Patently Apple reports that Samsung has filed a trademark for Flybell, which for all intents looks a lot like Apple’s iBeacon. They propose that the product may be launched this coming Monday along with the release of the Samsug Galaxy S5 at the Mobile World Congress in Barcelona.
Sure to be called an ‘iBeacon Competitor’ the Flybell will do two things:
- Make clear that Android isn’t being left behind in the world of Bluetooth LE beacons
- Confuse things even more – making it seems as if beacons are proprietary to the worlds of Android or Apple
Most Beacons are Bluetooth LE
But as readers of this blog know, most beacons have one thing in common: the Bluetooth LE specification. While there are also audio, light-driven and other types of beacons the term is fast becoming synonymous with Bluetooth LE. (Philips LED beacons are perhaps better put in the “Intelligent Lighting” bucket, for example).
Most modern Android devices can already detect Bluetooth LE signals. The limiting factor has been that Android devices need to have the KitKat operating system installed to easily take advantage of beacons. The rate of OS adoption on Android is driven by the device maker schedules and how quickly they push out new updates.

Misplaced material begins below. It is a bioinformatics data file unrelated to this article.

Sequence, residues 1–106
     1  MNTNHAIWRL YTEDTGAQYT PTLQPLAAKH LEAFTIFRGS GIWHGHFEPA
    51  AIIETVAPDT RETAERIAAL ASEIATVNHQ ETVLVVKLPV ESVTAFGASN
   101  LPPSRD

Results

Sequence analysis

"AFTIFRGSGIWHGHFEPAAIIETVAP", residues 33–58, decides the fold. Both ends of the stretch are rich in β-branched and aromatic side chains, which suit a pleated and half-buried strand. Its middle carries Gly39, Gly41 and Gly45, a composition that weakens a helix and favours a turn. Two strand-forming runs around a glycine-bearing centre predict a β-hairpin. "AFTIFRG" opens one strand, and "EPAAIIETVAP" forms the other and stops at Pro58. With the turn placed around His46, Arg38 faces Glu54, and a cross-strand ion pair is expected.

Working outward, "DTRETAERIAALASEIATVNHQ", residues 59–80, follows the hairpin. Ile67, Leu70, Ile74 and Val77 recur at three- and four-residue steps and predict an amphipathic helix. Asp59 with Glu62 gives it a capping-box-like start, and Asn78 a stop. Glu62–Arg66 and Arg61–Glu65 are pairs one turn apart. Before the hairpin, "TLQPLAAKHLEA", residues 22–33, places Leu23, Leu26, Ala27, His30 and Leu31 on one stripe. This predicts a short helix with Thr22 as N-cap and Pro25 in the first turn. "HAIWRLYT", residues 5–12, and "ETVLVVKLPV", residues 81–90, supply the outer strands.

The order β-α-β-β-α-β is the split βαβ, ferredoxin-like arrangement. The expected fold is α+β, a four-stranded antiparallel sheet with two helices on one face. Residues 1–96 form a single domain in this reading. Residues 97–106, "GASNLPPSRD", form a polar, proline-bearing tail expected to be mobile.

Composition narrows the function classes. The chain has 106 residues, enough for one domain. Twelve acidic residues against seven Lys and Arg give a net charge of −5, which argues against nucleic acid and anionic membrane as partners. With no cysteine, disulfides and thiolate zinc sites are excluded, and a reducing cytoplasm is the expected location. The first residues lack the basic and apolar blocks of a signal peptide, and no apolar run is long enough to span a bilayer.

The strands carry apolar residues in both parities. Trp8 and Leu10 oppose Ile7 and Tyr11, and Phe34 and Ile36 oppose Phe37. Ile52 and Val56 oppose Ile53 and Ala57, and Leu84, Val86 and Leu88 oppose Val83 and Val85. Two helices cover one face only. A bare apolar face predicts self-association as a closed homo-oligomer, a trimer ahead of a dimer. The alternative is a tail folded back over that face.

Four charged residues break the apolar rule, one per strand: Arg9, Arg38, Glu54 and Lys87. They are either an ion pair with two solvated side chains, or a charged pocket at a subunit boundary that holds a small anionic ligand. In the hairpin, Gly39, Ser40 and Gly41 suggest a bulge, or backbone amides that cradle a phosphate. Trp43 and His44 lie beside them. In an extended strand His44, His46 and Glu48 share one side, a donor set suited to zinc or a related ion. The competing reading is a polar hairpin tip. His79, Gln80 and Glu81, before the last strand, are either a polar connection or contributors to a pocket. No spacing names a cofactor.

So What IS Flybell?
Regardless of whether Samsung gives Bluetooth LE beacon support a name, if they update their devices to KitKat as expected then we’ll start to see a larger number of Android devices able to detect beacons.
Flybell may be a lot like Apple iBeacon – a trade name representing their specific approach to beacon detection, on-device code, and back-end support. Right now, the Apple trade name is being used for the full kit of code, APIs and SDKs that support Bluetooth LE detection. Their plan, however, is to ‘certify’ beacons as iBeacon compatible (or iBeacon branded).
This doesn’t necessarily represent a proprietary type of beacon, simply their version of how the Bluetooth LE spec should be deployed within a beacon.
Samsung may take a similar approach and publish a specification for how a Bluetooth LE device should be configured. If so we could, in theory, see vendors and device makers able to put both an iBeacon and Flybell ‘badge’ on their beacons. Both would be using Bluetooth LE but each company may have slight differences in how they prefer the advertising packets, broadcast rates and power signals be executed.
Will this lead to a divide between Android and Apple beacons? It’s highly unlikely.
But expect the media to play up the Apple versus Android battle for beacons if Samsung makes a move next week with its launch of the Galaxy and their potential launch of the Flybell brand.